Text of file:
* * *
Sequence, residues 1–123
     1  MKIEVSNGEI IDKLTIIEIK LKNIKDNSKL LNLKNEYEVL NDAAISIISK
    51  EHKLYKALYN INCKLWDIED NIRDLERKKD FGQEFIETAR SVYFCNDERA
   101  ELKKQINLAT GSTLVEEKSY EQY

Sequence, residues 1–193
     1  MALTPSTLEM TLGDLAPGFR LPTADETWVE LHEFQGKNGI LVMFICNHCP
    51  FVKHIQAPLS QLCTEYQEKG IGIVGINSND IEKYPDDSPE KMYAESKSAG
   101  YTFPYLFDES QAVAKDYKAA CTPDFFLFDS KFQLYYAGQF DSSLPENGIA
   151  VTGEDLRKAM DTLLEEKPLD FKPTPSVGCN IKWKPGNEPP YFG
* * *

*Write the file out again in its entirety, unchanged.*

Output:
Sequence, residues 1–123
     1  MKIEVSNGEI IDKLTIIEIK LKNIKDNSKL LNLKNEYEVL NDAAISIISK
    51  EHKLYKALYN INCKLWDIED NIRDLERKKD FGQEFIETAR SVYFCNDERA
   101  ELKKQINLAT GSTLVEEKSY EQY

Sequence, residues 1–193
     1  MALTPSTLEM TLGDLAPGFR LPTADETWVE LHEFQGKNGI LVMFICNHCP
    51  FVKHIQAPLS QLCTEYQEKG IGIVGINSND IEKYPDDSPE KMYAESKSAG
   101  YTFPYLFDES QAVAKDYKAA CTPDFFLFDS KFQLYYAGQF DSSLPENGIA
   151  VTGEDLRKAM DTLLEEKPLD FKPTPSVGCN IKWKPGNEPP YFG